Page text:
GST implementation was tabled in the 2014 Budget together with an "offset" package such as a lower tax rate and longer list of zero-rated and exempt items. This is to ensure that the Rakyat is not over burdened by GST. GST is also one of the tools to battle with the reduced oil related tax revenues. GST itself is an efficient way of taxation. As of mid April 2015 alone we have more than 350,000 companies registered for GST. This higher-than-expected volume is expected to give us extra RM1 billion revenue. Had we not done this, we would have depressed ourselves with the reduced oil related tax revenue. In other words, we must not let ourselves be exposed to a concentration of source of revenue.

SINGAPORE AS LOGISTICAL OUTLET?

Key Malaysian ports such as Port Klang and Port Tanjung Pelepas, are ranked as top 20 busiest ports in the world. Penang Port is popular among ships from Thailand for rubber exports to Japan and China. Those from Iskandar region who uses air freight prefers Changi Airport as it offers better air network. Of course, we should use our own ports as much as possible. However, if better services can be procured from Singapore, then it makes sense to use Singapore. The Government (via Economic Planning Unit - EPU) has, however, recently released five strategies and 21 action items to position Malaysia as the preferred logistics gateway. Cargo exports via Kuala Lumpur International Airport (KLIA) will be boosted and infrastructure at Port Klang will be upgraded. Cargo clearance process will also be simplified to minimise throughput time.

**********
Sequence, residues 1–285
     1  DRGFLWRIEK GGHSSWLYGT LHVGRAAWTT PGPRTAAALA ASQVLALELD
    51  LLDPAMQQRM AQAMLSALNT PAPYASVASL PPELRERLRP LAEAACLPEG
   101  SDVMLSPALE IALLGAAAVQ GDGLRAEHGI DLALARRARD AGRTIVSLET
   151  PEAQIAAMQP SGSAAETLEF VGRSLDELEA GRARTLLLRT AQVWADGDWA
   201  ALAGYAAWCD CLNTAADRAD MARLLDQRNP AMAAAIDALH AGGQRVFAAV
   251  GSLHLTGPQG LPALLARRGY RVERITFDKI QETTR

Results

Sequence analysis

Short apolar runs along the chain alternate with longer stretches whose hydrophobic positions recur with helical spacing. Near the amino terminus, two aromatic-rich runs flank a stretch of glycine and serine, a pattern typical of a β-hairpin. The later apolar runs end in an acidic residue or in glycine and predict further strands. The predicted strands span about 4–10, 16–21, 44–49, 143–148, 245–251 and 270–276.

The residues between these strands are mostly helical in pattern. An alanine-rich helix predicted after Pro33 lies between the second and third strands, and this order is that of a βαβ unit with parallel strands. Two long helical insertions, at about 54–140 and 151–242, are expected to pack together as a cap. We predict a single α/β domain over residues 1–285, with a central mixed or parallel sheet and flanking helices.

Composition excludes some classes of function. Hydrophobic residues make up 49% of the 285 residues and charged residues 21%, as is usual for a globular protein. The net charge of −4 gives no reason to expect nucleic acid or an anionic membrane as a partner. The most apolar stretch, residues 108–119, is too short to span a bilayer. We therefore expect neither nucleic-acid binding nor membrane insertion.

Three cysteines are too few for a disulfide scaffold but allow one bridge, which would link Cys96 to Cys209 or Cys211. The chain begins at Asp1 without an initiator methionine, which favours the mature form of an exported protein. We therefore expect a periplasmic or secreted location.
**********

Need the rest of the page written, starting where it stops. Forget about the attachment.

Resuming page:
INCOME DISPARITY AND POOR WAGE LEVELS